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I came down to Washington DC yesterday to visit family and go to a Bat Mitzvah, and figured I would leave my blog alone for a few days. An epic storm changed my plans. Here we are Saturday noon and it is still coming down. I haven’t seen anything like this since the Blizzard of 78 up in Boston. It looks we are stuck in the house until, hopefully, Monday when I am due to return. The photo shows a big broken branch resting on my daughter’s car. Yesterday the grocery stores looked like an army of looters had swept through with many shelves completely devoid of anything. Nothing much to do with sustainability except to provide a couple of days with little to do but read, reflect, and admire the power of nature.
I have now seen a lot of news from Davos and the World Economic Forum. Sustainability shows up in two of ten top themes as [reported by Business Week](–+wef+davos+2010_special+report+–+wef+davos+2010). The number one theme was a sense that the world is not in good shape. Of course, the major concern at this meeting was focused on the financial health, but issues like water scarcity and climate change found a place alongside the financial meltdown and recession. There was broad consensus that the global and national institutions need to be re-invented to cope with the complexities of a globalized community.
Sustainability was recognized as an idea whose time has come.
> As one executive put it: “It’s no longer about the green economy; it’s about the economy.” Sustainability is the central issue many businesses face.” . . . CEOs everywhere at Davos said we’ve now arrived at the point where sustainability must be integrated into the business strategy: What is a business and how it does it operate and relate to the rest of the world? We’ll see if they walk the talk.
In a [separate report]( coming from Davos, the author may agree with the point that sustainability cannot be ignored by business leaders, but says that there is still a lot of differences abut what sustainability means.
> The disagreements aggravate the uncertainties and inconsistencies around sustainable design. If designers and the people they work with can’t agree on common standards, the quality of “sustainable” design will continue to be questionable. How can the rest of us be expected to measure the sustainable impact of the things we buy? And how can we be confident about the way in which they were designed, manufactured, shipped, and will eventually be disposed of?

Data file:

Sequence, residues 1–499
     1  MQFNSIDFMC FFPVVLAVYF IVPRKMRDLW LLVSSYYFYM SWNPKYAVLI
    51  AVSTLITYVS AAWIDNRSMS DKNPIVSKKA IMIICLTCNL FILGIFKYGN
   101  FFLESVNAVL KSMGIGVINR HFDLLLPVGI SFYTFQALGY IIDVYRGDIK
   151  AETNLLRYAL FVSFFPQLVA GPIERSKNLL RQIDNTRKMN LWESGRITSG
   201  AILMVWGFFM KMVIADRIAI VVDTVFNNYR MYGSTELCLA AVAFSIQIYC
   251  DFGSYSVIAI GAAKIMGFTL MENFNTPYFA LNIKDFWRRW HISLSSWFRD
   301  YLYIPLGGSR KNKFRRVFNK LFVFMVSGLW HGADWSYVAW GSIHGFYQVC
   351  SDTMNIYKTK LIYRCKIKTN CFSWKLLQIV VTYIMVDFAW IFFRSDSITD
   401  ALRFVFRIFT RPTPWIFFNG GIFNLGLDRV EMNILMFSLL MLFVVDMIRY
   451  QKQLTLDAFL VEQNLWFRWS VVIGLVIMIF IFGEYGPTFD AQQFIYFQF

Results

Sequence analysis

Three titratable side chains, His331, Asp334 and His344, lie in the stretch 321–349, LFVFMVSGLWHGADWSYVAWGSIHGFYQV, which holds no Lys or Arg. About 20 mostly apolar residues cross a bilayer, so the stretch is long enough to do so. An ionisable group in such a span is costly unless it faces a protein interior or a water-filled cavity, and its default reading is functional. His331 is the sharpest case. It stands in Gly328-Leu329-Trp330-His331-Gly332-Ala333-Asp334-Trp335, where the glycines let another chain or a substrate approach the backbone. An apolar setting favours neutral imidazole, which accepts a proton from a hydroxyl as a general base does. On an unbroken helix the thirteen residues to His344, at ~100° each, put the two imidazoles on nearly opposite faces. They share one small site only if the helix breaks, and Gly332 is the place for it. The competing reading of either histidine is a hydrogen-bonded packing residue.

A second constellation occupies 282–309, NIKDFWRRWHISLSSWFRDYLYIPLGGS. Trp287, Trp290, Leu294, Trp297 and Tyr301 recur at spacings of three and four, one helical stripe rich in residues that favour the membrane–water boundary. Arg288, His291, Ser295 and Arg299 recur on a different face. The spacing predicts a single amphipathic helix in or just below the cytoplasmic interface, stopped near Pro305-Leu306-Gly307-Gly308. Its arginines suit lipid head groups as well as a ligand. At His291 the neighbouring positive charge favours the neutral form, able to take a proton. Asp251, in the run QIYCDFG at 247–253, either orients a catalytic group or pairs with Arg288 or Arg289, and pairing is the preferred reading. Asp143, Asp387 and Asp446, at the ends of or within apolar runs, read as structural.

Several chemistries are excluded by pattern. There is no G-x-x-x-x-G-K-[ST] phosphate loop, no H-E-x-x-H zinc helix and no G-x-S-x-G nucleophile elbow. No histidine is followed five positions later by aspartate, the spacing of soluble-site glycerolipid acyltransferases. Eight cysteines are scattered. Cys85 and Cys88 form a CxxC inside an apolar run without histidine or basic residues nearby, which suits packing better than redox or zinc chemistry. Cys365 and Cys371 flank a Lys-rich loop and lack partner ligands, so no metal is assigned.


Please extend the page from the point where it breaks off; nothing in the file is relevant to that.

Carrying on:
The subject was designing for sustainability, a subject I certainly am always interested in. The article reported on a roundtable discussion by three of the world’s leading “sustainability” designers, who were asked to present two successful and one unsuccessful designs.
For me differences in meaning and design results were overshadowed by the inclusion of a couple of behavior-changing examples. The Japanese governments, CoolBiz initiative, broke longstanding dress codes, and got employees to come to work in very light garments so that air conditioning loads could be reduced. Reducing the stigma of breaking norms–so strong in Japan–was a key to the overall design of this program.
While important product design innovations were employed, the key element was the design of the rules of a new game. No amount of clever industrial design, such that Bill McDonough or Tim Brown of IDEO, two of the panelists, are expert at producing, will create sustainability without including innovations in the institutional context that will cause people to change their consumption habits. It will certainly help the Earth if we learn to consume better, but what it really will take is to learn how to consume less and differently. Economic growth will surely cancel green design eco-efficiency gains sometime in the future.

2 Replies to “Seeing Nature’s Design in Snow”

  1. John, great blog, and great book – very much enjoying it – opening my mind. Is there a place to discuss the book itself?
    Wondering if you know about “Changing the Change – Design Visions and Tools”. Seems superficially highly aligned with your definition of design – but would be very interested in your views.

  2. Thank you, John, for your post. The Davos report has been brought to my attention on several fronts now. Although I am pleased that sustainability issues have made the list, I can’t help but feel like those of us who recognize that deep cultural change is required to see our species through are being patronized. It is akin to the dog that races into the house to inform its owner that the barn is burning down only to be petted on the head and shooed out for raising a fuss.
    It seems that a hopefulness for a sustainable future based on the continuation of our capitalist/consumer culture is counterproductive. We may be able to improve things a little by steering people to more sustainable products. But, as you point out, consumerism as a primary identifier and lifestyle must be replaced with a more Earth-centric focus if we are to achieve lasting success.

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